Logan Capaldo ha scritto:

> For  the most part if it makes sense that something should be mutable, 
> it is. I don't think that mutability is ever determined on the basis of 
> performance ( except for maybe symbols)

Having some object immutable allows some optimization otherwise not 
possible. On the other hand makes some algorithms *slow*.

The typical case is concatenating a lot of strings. In python it is 
terribly unefficient, it's better to use StringIO objects (kind of file 
in memory) or joining arrays.

However, I think the real reason is:
in Python dictionary (hash) keys are supposed to be immutable (again,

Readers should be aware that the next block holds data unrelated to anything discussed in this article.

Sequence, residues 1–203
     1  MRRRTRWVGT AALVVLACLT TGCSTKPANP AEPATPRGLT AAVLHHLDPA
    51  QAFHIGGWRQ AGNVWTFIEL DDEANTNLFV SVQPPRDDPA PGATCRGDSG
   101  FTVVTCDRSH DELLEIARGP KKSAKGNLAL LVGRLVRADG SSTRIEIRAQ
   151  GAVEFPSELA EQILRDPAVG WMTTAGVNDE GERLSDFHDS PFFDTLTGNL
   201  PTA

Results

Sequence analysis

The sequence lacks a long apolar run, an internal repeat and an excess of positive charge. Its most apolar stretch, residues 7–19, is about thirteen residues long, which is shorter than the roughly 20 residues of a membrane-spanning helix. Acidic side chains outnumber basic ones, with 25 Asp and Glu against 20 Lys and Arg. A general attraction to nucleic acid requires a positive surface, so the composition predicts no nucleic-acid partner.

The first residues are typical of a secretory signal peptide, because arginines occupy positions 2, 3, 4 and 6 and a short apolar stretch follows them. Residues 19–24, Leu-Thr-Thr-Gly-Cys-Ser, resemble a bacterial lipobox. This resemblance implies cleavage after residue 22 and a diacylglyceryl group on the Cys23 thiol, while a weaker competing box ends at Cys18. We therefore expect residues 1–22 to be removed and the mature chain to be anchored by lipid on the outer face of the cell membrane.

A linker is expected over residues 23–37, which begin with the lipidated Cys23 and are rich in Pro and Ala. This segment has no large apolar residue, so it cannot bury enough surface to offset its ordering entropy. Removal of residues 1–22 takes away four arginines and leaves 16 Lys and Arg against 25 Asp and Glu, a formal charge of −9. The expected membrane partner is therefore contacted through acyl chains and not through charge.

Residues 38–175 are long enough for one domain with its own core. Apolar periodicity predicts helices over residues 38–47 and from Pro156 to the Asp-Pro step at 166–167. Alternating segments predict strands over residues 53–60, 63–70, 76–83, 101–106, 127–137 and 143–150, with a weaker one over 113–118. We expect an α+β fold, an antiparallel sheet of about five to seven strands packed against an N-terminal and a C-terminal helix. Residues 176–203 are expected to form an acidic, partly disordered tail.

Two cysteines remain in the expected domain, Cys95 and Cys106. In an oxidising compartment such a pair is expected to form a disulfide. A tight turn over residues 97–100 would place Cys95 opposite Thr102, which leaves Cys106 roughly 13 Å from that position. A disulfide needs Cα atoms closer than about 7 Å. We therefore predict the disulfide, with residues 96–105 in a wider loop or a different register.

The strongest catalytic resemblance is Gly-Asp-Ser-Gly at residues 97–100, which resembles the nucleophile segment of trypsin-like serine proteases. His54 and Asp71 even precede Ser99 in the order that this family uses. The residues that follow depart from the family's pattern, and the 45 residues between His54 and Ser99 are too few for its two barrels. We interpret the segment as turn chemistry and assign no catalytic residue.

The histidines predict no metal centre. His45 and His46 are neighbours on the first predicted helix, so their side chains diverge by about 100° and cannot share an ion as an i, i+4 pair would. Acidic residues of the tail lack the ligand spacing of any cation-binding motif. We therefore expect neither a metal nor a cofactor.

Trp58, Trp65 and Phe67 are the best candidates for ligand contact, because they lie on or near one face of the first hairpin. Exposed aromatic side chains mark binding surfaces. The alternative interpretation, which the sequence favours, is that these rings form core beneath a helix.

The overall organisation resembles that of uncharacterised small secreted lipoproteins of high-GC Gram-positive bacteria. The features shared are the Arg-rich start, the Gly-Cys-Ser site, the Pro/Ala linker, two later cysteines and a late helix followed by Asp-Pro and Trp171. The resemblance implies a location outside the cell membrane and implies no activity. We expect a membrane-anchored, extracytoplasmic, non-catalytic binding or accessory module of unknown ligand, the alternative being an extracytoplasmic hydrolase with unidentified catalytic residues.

for performance reasons, I've been told). Since hashes that could not 
use strings as keys would be quite useless, strings are immutable.

ObjectiveC has both mutable and unmutable. But since in Python "there 
should be only one way to do it", strings are just unmutable.

But not to go too off-topic...

I noticed that strings are mutable in ruby since << adds to existing 
string. But I found out sometimes += creates a new string objetc...